Hurricane Patricia Fizzles Out
by Jacob Gallagher
Hurricane Patricia, now well known for being the strongest landfalling hurricane to date, dissipated on October 24th.
The storm, which was charted to slam into the Mexican coast in the final weeks of October, made landfall with winds of over 200mph. This makes it the strongest hurricane ever recorded, as well as one of the fastest intensifying.
People all over the north-eastern coast of Mexico prepared for the worst, expecting a devastating natural event to do considerable damage.
Several meteorologists warned that Patricia could be “the most devastating storm to ever hit Mexico” (NBC).
During the evening of October 23rd, Hurricane Patricia made landfall near Cuixmala, still sustaining incredibly high winds, with automated weather trackers reporting a max speed of 200mph.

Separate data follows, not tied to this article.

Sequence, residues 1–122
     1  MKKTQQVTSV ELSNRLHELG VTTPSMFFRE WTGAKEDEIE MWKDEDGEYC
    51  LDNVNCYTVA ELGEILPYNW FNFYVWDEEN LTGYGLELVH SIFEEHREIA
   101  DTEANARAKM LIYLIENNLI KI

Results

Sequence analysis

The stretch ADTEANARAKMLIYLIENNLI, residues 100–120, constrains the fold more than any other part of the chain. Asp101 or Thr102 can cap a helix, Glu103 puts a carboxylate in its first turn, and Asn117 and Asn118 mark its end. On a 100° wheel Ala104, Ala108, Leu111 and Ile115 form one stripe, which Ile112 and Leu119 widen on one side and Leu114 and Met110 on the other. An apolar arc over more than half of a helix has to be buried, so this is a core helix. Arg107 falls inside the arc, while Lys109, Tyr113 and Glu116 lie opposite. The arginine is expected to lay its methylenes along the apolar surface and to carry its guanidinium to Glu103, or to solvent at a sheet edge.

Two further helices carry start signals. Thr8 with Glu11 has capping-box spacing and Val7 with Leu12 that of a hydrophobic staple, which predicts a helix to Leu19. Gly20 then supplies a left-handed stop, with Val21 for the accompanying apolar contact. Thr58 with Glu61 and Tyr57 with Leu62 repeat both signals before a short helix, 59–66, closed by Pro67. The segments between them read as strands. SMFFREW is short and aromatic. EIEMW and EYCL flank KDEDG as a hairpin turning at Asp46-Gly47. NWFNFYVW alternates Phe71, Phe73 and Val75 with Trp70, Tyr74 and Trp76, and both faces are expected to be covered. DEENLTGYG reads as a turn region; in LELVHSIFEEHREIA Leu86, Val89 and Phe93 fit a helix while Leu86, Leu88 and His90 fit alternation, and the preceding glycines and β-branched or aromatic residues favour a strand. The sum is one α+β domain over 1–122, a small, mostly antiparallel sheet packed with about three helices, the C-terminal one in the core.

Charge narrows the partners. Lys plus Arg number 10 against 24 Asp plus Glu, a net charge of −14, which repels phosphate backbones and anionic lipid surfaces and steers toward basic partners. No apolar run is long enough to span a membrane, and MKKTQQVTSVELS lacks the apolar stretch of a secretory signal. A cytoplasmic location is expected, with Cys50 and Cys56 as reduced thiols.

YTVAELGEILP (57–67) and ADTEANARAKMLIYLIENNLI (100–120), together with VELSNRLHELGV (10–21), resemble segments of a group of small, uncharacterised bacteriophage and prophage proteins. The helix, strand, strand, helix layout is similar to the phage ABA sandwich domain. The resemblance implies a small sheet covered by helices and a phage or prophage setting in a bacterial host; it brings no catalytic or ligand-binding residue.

Within 24 hours of hitting the coast, however, Hurricane Patricia was downgraded from a Category 5 hurricane on the Saffir-Simpson Hurricane Wind Scale to a remnant.
Hurricane Patricia was not only one of the quickest intensifying tropical storms to date, but one of the fastest weakening storms as well (Weather Network).
Some infrastructural damage was done due to flash-floods, 40 foot waves and mudslides. Stories of destroyed roads, buildings and other structural damage are to be expected. Despite this, and the strength of Hurricane Patricia, the death toll of rests, thankfully, at zero (BBC).